Lawrence Wong interview with TNP

Lawrence Wong interview with TNP

An interview was conducted for the Minister of Culture, Community and Youth, Lawrence Wong; below are his responses in full:

On Crossing to Marsiling-Yew Tee GRC:

In recent times, I had a reason to bid the residents in Boon Lay (part of West Coast GRC) bye. During the MPS, about 160 people turned out. That happened to be the largest we have ever had and many are familiar faces.

A great number of them to say thank for some of the few things that I have done. Many of them even wept because they are sad to see me go.

Someone even gave a photo album containing all the pictures of important occasions I’ve attended in Boon Lay since 2011 to 2015.

It was not easy to leave but it feels great to feel that I was able to do things in the constituency that had positive effects in people’s lives.

I wouldn’t hesitate to get it done again in the event you should ask me to rewind the clock, make the choice again understanding that you must really go on a route which is challenging.

Q: How have you been organizing for the move to Marsiling-Yew Tee GRC?

By walking around.

Madam Halimah and I have both moved here, so we have been spending much time staying around, weekends in addition to weekdays, mornings or nights, whenever we are able to find time to meet with the residents, keep in touch with them and spending some time together, even weekends and weekdays, mornings or nights, whenever we are able to find time to meet with the residents, keep in touch with them and spending some time together.

Q: Were there any special instances at Meet the People’s Sessions (MPS) that you recalled because they touched you or shocked you?

The bulk of them need financial assistance (which) we can help. But what is hard, and at times heart-wrenching, is when you’ve got instances which are not just about monetary demand but more profound issues, (for example) a couple not getting along, violent partner, someone facing addiction (such as) drinking or a drug addiction.

The worst is when the kids are affected by it. That is when you hear stories that are depressing and you also strive really hard to assist. (But such instances need) lots of counselling.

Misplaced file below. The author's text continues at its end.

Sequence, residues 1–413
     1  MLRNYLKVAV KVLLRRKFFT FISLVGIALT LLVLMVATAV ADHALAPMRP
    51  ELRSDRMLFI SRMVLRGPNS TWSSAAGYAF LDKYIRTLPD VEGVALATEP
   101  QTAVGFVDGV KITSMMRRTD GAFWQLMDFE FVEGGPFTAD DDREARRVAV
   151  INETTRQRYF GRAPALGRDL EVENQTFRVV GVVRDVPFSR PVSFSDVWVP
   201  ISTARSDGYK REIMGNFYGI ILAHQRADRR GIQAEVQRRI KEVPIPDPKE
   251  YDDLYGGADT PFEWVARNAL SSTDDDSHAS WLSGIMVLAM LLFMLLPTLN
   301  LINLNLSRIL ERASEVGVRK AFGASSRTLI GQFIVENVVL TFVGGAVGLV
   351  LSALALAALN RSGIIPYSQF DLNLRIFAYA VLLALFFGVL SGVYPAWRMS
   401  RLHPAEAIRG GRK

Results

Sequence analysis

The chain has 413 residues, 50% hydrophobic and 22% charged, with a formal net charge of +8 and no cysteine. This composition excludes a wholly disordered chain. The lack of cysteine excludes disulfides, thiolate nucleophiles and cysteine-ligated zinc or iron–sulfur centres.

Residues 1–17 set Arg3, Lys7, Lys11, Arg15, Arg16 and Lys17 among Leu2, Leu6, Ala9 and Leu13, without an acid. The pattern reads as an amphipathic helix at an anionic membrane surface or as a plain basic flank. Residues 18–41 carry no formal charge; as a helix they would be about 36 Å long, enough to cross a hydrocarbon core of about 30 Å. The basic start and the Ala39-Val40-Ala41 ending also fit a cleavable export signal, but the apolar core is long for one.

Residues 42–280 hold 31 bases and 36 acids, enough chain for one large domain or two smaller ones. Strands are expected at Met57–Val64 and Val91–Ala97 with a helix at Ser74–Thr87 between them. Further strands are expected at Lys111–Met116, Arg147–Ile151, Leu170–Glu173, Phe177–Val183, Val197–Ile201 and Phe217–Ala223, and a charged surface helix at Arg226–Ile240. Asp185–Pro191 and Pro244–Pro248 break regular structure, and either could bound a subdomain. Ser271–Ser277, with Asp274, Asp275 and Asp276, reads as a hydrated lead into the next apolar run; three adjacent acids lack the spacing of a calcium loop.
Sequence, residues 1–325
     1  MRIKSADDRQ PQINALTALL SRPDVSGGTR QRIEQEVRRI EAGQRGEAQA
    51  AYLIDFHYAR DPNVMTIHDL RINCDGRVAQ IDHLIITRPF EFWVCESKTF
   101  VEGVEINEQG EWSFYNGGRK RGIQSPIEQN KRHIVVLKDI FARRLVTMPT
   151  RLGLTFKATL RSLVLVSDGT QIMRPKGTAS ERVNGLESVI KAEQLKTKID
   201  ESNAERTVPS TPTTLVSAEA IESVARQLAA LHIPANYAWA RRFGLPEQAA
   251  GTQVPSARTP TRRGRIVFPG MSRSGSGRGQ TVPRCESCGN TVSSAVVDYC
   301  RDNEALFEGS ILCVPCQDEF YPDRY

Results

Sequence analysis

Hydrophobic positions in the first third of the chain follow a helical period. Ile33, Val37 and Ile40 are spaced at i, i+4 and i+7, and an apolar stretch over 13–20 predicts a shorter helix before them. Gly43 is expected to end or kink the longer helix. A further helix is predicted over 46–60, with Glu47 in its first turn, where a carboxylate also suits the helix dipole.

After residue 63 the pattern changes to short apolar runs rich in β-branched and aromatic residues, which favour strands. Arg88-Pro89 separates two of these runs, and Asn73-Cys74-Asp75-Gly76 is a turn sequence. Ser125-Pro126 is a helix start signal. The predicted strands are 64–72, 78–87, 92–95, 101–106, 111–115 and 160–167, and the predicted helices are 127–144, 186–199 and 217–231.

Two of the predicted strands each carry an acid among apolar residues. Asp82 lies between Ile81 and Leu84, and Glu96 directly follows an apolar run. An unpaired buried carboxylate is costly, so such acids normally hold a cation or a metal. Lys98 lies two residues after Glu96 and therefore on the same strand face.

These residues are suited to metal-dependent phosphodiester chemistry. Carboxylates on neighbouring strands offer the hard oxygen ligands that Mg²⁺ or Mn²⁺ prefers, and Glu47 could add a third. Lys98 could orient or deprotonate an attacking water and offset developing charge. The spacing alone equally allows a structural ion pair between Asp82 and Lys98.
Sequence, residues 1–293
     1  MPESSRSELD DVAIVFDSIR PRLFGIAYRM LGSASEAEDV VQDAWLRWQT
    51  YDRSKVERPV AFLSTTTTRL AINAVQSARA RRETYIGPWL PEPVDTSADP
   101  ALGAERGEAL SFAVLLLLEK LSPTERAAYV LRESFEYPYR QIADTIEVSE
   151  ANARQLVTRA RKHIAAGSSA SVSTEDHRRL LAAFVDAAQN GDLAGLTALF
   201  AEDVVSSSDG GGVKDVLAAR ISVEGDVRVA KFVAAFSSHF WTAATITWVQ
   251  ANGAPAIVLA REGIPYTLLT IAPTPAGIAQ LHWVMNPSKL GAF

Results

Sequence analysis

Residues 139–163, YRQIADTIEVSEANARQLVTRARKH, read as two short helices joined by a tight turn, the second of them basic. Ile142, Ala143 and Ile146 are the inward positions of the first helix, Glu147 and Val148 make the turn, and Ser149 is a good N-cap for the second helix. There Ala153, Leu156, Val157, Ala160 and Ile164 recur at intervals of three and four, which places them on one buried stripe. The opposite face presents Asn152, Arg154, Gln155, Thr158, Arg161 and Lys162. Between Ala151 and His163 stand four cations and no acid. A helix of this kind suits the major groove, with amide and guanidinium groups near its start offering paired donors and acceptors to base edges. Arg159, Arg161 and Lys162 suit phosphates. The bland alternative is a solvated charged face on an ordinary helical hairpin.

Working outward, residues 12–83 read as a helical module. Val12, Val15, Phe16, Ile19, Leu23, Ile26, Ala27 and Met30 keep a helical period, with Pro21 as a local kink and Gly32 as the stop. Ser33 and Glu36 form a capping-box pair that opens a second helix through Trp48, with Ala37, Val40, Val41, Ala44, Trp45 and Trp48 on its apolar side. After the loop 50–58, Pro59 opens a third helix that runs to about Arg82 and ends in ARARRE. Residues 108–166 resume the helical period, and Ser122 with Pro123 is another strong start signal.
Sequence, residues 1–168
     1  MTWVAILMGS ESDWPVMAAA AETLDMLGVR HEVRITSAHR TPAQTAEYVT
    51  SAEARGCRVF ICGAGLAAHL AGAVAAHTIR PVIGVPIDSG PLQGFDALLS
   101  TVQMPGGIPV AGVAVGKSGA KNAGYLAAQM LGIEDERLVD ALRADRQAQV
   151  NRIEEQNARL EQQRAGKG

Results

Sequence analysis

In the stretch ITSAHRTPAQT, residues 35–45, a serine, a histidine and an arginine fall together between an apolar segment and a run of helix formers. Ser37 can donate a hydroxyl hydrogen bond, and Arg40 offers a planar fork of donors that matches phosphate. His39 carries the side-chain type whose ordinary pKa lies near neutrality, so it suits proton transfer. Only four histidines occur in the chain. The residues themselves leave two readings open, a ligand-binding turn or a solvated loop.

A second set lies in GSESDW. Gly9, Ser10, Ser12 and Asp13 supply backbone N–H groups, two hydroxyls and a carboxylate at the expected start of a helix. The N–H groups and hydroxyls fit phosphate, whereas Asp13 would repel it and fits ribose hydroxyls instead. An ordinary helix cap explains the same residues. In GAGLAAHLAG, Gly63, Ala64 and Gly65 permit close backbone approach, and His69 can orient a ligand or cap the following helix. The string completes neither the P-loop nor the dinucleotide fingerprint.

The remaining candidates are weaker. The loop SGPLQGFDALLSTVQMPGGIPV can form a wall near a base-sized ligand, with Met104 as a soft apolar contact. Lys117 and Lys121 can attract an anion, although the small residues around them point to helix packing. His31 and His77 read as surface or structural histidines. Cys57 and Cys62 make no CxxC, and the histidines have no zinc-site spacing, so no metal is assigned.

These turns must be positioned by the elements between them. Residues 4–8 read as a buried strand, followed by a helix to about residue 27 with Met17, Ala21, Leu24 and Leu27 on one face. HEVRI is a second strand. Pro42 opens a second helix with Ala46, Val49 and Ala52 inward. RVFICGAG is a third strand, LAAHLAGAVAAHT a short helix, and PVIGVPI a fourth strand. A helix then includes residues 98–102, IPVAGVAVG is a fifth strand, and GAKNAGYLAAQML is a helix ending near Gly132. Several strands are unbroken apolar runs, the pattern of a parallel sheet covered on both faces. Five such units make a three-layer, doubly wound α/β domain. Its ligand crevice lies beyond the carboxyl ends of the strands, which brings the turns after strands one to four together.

That is why it is not bad that our front line finally has been reinforced in terms of giving more support and having more social workers. We (also) have a social service centre to offer that type of support in the constituency on the ground.

Q: What about the touching cases?

I don’t want to refer to any specific case because we need to respect their privacy.

I see several circumstances where parents economize and save in order to give their children the best education possible and a good start… many of them request for support and we try our possible best to assist. And it’s a lot gratifying to see their children do well in school and progress.

Besides, there have been some developments like the student care centre in the CC where volunteers guide them.

We also offer free tuition. Beforehand, there was no such capability. The school (Boon Lay Garden Primary) has no space for a student care centre.

There are quite a lot of low-income families where parents are busy working and there is no one to cater to the kids. We created a student care centre in the CC and pooled resources together and created My First Skool.

Q: What kind of issues keep you awake at night or make you ponder over?

There is no end to the problems. More sophisticated ones (could be) community or neighbour disputes.

(On the constituency level, the) revitalisation of stores scheme: Boon Lay Shopping Centre is strata-titled, with several owners.

There is a Government subsidy for the revitalisation but every owner must be responsible for their cost.

(When it comes to) a strata-title property, you must ensure that everyone understands or else you cannot go. (If) some don’t concur, then you are stuck in paralysis.

Nation wise, we have had an extremely active year (with) the SEA Games, SG50 (celebrations).

Those are (some) things that I always worry about.

But you must take it in your pace, take it step by step, and go along.

Q: Any issues with regard to the hustings that are approaching, eg. mudslinging?

(There will always be) claims, criticism (and the like) thrown at you within an election.

That is not (something) I am worried about… My appeal to voters, especially first-time voters, is: Take the elections seriously.

Examine the opposition, the PAP together with each of the nominees, for their personal ethics, their truthfulness, their character. Measure the suggestions that distinct parties put up.

It is tempting to listen to suggestions to do more but are not these unsustainable? Who’s planning to fund the excess spending? Are they great for the nation in the longer term?

So evaluate attentively and make a choice. As Mr. Lee Kuan Yew used to say: “This isn’t a game of cards. It is your life and mine.”

Q: During election campaigning, it is par for the class to criticise policies that are unpopular. But options might be forthcoming.

It is simple to get carried away by rhetoric in the warmth of an election rally… I expect Singaporean voters will remember to reflect past the rhetoric, beyond the emotions of election (campaigning) to believe deeply and carefully in what the various parties are offering, what’s their track record, who are the people who are functioning and (his or her) track record, the things he or she might have said before and what they have done.

Those are matters which can be not hidden, it is possible to compare notes, see on your own, do your homework and your personal judgement can be made by you.

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